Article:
'Borg/McEnroe': Film Review | TIFF 2017

The psychology of overachieving takes center stage in a sensitive double portrait.

Shia LaBeouf and Sverrir Gudnason play the title roles in Janus Metz's TIFF-opening dramatization of one of sports history's greatest matches.

It was "the IceBorg versus the SuperBrat," in the eyes of the world: the 1980 Wimbledon final pitting Björn Borg, a four-time champion who never lost his cool in a game, against John McEnroe, who seemingly couldn't keep his cool in a walk-in freezer with Isaac Hayes on his headphones. Janus Metz's Borg/McEnroe paints a very different picture, diving into both men's psyches to find them all but identical, differing only in their outward manifestations of relentless pressure. An acting-forward sports film capable of engaging viewers who don't know their 30-loves from their birdies or hat tricks, it has mainstream theatrical appeal, though it may draw more attention on pay cable.

Though it never justifies the overblown Andre Agassi quote used as its preface ("Every match is a life in miniature"), the picture certainly shows how a single match can be made to feel like the world depends on it. Borg (Sverrir Gudnason), beloved of the public and stalked by Beatlemania-grade female fans, might reasonably rest on his laurels after four Wimbledon titles. But how could he step away and let that tournament be won by an athlete disrespected even in his home country? In the long buildup to the eponymous event, we watch McEnroe (Shia LaBeouf) attempt to survive press appearances without blowing up: He takes a ribbing from a talk-show host about his foul-mouthed midgame outbursts, and is almost sheepish, until the host won't stop asking what he thinks about Borg. Over in Monaco, the Swede politely thanks his well-wishers but, upon seeing a newspaper with McEnroe on the front page, quietly hides it under boxes.

Metz and screenwriter Ronnie Sandahl (who together made a TV doc about this bout in 1996) will devote time to each man's childhood, but at first seem mostly concerned with Borg's — surely because what we learn there so upends our understanding of him. Full of obvious talent as a young boy, he was every bit as emotionally demonstrative as McEnroe when he did poorly on the court. He was such a poor sport, in fact, that the Scandinavian heads of his tennis program kicked him out, hinting to his mother that the family wasn't the sort of folk who made good tennis players. (Young Björn is played first by Leo Borg, the star's spitting-image real-life son, then by Marcus Mossberg, both offering enough fire that you'd never predict the adult's restraint.)

But around the time of his Davis Cup debut at age 15, Borg got an ultimatum from coach Lennart Bergelin (a worried-looking Stellan Skarsgard): Keep it all inside. Focus all your fear and frustration on getting one point at a time.

That's not a lesson anyone ever taught McEnroe, who here grows up with almost cartoonishly demanding parents. When the boy (Jackson Gann) tells his mother he got a 96 on a test, the class's top score, she asks what happened to the other four points, and notes that a class of 30 students isn't much of a population to beat. Dad (Ian Blackman) seemingly maintains a more constant presence in his son's life — first making the kid do human-calculator party tricks at dinners, then following the young man around to matches and appearances, casting a stern eye on anything that looks like failure.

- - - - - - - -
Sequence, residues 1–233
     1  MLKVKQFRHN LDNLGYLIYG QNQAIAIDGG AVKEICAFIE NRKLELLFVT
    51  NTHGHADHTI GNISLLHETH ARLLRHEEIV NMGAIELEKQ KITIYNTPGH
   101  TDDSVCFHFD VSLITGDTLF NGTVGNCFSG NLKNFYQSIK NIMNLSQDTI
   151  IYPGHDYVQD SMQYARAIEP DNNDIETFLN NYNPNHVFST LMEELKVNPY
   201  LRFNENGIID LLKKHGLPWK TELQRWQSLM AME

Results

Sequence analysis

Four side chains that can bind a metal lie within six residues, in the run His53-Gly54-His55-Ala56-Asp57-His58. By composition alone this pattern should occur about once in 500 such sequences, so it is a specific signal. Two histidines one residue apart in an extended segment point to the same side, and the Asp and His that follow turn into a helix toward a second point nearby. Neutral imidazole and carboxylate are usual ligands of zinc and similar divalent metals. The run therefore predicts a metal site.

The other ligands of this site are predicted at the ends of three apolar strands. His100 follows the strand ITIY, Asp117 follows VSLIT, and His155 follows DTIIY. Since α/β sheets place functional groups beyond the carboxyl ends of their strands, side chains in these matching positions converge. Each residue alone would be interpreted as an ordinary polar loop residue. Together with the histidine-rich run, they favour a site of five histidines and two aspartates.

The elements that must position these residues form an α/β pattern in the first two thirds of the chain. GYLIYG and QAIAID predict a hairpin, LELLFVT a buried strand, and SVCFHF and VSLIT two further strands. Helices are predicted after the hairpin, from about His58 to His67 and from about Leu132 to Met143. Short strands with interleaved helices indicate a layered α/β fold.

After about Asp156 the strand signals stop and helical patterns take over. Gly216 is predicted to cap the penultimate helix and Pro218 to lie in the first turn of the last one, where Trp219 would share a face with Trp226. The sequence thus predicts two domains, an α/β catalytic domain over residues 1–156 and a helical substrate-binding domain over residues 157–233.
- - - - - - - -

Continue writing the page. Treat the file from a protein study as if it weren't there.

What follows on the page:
LaBeouf and Gudnason give performances as good as you could want here, bringing unexpected shades to the well known characters. Viewers who were repelled by McEnroe's antics in their day would be hard pressed not to sympathize with him here (insert your own observations about the relevance of LaBeouf's first-hand experience with public scorn); and as Borg, Gudnason is a time-bomb of self doubt hidden under golden tresses and a fur coat. Rarely has someone seemed to enjoy the high life so little.

Following his two stars into so many private moments, Metz has little attention to give the other people onscreen. All the supporting characters are thin, though Tuva Novotny, as Borg's fiancée Mariana Simionescu, works hard to be a beacon of emotional stability.

The match itself, widely considered one of the greatest moments in sports, begins around the 70-minute mark, and just about gets its due. Using few shots that view both players on the court at once, Metz weaves close-ups and work by body-double athletes into a convincing epic. And even if the script's one obvious concession to tennis newbies in the audience doesn't go quite far enough in establishing what "tiebreaker" means in this context, few things could be clearer than the argument that, on July 5, 1980, few athletes could have been more equally matched than Björn Borg and John McEnroe.

Production company: SF Studios
Distributor: Neon
Cast: Sverrir Gudnason, Shia LaBeouf, Stellan Skarsgard, Tuva Novotny, Ian Blackman
Director: Janus Metz
Screenwriter: Ronnie Sandahl
Producers: Jon Nohrstedt, Fredrik Wikstrom Nicastro
Executive producers: Tim King
Director of photography: Niels Thastum
Production designer: Lina Nordqvist
Costume designer: Kicki Ilander
Editors: Per Sandholdt, Per K. Kirkegaard
Composers: Jonas Struck, Vladislav Delay, Jon Ekstrand, Carl-Johan Sevedag
Casting directors: Jessie Frost, Jina Jay, Johannes Persson
Venue: Toronto International Film Festival (Gala Presentations)

107 minutes

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